Therefore, pilgrimage, immigration, tourism and traditional sewage system may alter the epidemiology of HEV infection from other parts of the country. To our knowledge, few studies have addressed the prevalence of HEV infection in pilgrimage and tourism region, particularly in Iran. The current study was conducted to investigate the sero-epidemiology of HEV among general population in this region that have a huge mobile population and accepted immigrants and asylum seekers, mostly from Iraq and Afghanistan.

2. Objective

Hepatitis E Virus (HEV) infection is found worldwide and is responsible for large outbreaks in East and South Asia. To investigate the impact of population movement on virus spreading, a large-scale population-based survey was performed in a pilgrimage-tourism area, the great Mashhad, capital city of Khorasan province.

3. Patients and Methods

This analysis is a cross-sectional study that was conducted in 2012 in the Academic Center for Education, Culture and Research (ACECR) Mashhad branch, Iran. Blood samples were taken after obtaining an informed consent and the sera were stored at -20 until test performance. The source survey of this study was performed on the general population of Mashhad the great, between May and September 2009. The subjects were selected randomly by multistage sampling methods (stratified, cluster, and systematic) from all of twelve municipality areas and forty districts of the city. In each household, one person was selected so that we tried to include equal ratios of the both sexes as well as ten percentiles for the age according to the 2006 census in each district.

Whole blood sample were collected and sera were assessed for total anti-HEV antibody using a commercial specific enzyme-linked immunosorbant assay (ELISA) kit (Diapro, Italy) according to the manufacturer's instruction. Data were analyzed with SPSS software using Chi-square, fisher and T-test. Statistical significance was set at P < 0.05. A multivariate logistic regression analysis was performed to identify variables that were independently associated with presence of anti-HEV.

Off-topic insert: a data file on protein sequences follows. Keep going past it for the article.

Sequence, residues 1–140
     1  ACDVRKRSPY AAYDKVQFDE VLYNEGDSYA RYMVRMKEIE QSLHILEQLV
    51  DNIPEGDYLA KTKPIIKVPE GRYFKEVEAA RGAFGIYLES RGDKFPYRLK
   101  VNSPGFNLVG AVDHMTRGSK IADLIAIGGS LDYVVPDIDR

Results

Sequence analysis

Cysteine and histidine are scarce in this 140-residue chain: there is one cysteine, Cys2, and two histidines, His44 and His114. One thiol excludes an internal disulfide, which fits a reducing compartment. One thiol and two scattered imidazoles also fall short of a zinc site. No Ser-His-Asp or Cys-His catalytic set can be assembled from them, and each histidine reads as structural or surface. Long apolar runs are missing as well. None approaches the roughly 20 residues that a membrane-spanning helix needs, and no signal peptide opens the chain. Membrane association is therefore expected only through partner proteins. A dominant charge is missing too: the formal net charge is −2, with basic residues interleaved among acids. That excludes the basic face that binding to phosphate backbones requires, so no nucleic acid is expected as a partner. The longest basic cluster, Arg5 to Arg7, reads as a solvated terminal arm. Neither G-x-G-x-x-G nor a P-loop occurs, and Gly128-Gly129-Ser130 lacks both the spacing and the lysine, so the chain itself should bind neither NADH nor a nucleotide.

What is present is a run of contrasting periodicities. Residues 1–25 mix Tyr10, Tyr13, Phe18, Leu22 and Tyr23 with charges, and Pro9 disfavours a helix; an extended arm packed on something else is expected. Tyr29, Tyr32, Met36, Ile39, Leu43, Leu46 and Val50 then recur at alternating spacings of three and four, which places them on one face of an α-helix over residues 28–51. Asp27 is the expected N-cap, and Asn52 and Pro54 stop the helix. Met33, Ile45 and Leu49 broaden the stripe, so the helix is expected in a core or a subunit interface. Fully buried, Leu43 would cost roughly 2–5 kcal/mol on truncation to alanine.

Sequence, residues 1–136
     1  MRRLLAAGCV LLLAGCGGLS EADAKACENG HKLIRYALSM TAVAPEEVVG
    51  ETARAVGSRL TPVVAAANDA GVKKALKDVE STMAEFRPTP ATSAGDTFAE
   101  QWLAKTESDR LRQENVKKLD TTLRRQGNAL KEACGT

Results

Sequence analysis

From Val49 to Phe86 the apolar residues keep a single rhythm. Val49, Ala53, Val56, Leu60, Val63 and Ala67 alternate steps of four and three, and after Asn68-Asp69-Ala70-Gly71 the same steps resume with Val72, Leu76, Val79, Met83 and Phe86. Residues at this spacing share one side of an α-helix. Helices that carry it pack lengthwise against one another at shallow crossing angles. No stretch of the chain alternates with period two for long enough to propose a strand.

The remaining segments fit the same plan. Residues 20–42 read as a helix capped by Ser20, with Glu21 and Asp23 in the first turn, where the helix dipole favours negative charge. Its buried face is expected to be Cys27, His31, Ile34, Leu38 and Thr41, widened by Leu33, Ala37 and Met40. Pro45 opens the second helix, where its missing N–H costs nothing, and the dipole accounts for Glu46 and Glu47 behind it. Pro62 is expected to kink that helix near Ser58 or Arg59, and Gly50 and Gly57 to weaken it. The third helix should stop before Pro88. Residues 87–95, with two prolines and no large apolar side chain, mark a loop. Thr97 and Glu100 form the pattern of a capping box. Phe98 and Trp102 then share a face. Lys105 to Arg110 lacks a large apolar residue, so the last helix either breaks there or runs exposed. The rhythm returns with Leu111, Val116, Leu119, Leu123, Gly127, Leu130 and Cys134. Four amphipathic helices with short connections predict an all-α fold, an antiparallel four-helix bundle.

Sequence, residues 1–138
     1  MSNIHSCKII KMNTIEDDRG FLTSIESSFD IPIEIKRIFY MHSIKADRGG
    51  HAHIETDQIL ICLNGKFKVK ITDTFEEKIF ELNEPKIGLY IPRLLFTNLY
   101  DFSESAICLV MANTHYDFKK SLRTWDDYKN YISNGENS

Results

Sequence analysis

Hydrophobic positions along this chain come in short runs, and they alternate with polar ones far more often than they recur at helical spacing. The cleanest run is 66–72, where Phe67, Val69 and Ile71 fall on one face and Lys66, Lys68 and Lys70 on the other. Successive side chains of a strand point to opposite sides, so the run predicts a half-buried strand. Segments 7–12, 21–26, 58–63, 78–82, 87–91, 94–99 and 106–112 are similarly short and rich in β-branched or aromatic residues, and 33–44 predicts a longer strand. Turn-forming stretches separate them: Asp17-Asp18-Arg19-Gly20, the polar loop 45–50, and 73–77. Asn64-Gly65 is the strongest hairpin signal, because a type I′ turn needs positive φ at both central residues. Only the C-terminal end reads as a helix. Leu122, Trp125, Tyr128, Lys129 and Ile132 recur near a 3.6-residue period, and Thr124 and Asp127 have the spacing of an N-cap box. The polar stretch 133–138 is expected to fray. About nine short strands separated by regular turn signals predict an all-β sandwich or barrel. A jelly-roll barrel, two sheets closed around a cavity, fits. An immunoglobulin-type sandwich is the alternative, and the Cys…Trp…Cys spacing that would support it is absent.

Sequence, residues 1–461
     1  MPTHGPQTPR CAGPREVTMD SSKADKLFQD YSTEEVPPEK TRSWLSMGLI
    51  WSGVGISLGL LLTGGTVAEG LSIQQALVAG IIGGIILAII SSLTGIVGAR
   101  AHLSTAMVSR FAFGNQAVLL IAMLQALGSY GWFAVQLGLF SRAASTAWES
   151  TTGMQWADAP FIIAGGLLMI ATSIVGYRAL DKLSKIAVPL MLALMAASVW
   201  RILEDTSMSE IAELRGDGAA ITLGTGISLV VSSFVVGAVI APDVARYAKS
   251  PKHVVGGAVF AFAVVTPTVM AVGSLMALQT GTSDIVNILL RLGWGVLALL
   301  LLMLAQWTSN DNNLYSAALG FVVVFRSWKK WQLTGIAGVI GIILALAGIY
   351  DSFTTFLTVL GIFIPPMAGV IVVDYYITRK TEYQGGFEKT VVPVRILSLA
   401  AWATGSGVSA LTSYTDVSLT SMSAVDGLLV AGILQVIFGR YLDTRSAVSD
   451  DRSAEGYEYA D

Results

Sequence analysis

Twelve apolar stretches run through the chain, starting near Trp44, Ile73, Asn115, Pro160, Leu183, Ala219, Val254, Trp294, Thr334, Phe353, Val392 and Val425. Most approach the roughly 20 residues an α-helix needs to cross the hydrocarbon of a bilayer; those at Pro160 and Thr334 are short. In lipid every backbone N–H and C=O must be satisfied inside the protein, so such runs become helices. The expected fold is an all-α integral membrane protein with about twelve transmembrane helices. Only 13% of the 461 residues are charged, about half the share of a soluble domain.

4. Results

4.1. Seroprevalence of HEV

Total of 1582 were assayed for HEV total antibody. The mean age was 29.06 ± 18.513 years, range from one to 90 years old, 718 (45.38%) were male and 864 (54.62%) were female. The overall seroprevalence of HEV in this population was 14.2% (225 /1582).

Furthermore, 3.0 % (47/1582) of the whole study population were in the range of equivocal results. The finding indicated that 13.2% (95/718) of males and 15.0% (130/864) of female were HEV positive; however, the difference was not statistically significant. Furthermore as, Table 1 shows that the seroprevalence of HEV increased significantly with rising the age, from 12.8% in subjects less than five years to 28.6% in individuals with 65 years old and over. Therefore, a higher prevalence of anti-HEV positivity was seen in older subjects (P < 0.001).

Table 1. The Age-Specific Prevalence of Anti-HEV
Age groupHEV infectionTotal Count (Within Age Group), No. (%)
Negative Count (Within Age Group), No. (%)Equivocal Count (Within Age Group), No. (%)Positive Count (Within Age Group), No. (%)
< 575 (87.2)0 (0.0)11 (12.8)86 (100.0)
5-14240 (89.2)5 (1.9)24 (8.9)269 (100.0)
15-24364 (89.7)8 (2.0)34 (8.4)406 (100.0)
25-34253 (84.6)12 (4.0)34 (11.4)299 (100.0)
35-44147 (78.6)5 (2.7)35 (18.7)187 (100.0)
45-54113 (71.5)9 (5.7)36 (22.8)158 (100.0)
55-6469 (69.0)2 (2.0)29 (29.0)100 (100.0)
> = 6549 (63.6)6 (7.8)22 (28.6)77 (100.0)
< 575 (87.2)0 (0.0)11 (12.8)86 (100.0)

4.2. The Seroprevalence of HEV and Socio-Economic Status